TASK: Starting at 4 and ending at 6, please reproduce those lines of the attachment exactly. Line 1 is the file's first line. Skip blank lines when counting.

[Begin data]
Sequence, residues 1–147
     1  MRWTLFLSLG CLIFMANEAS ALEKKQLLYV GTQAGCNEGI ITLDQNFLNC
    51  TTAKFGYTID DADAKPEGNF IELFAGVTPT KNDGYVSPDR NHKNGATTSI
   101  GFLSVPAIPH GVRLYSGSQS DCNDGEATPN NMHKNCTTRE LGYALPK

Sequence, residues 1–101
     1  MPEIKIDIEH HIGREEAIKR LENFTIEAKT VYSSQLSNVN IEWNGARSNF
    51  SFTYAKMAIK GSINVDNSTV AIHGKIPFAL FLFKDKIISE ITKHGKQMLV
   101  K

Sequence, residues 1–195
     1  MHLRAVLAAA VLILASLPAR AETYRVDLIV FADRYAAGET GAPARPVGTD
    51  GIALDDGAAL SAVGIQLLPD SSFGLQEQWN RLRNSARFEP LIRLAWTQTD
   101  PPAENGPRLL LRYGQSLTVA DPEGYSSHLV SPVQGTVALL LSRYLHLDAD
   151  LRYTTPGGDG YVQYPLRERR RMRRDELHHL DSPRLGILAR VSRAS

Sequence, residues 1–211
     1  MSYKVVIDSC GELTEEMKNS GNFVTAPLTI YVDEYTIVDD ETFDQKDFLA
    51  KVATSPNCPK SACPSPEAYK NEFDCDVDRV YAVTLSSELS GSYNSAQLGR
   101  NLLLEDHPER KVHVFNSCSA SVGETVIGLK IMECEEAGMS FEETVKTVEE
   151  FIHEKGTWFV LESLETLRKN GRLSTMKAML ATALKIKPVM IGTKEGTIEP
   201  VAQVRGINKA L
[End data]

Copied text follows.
   101  GFLSVPAIPH GVRLYSGSQS DCNDGEATPN NMHKNCTTRE LGYALPK

Sequence, residues 1–101
     1  MPEIKIDIEH HIGREEAIKR LENFTIEAKT VYSSQLSNVN IEWNGARSNF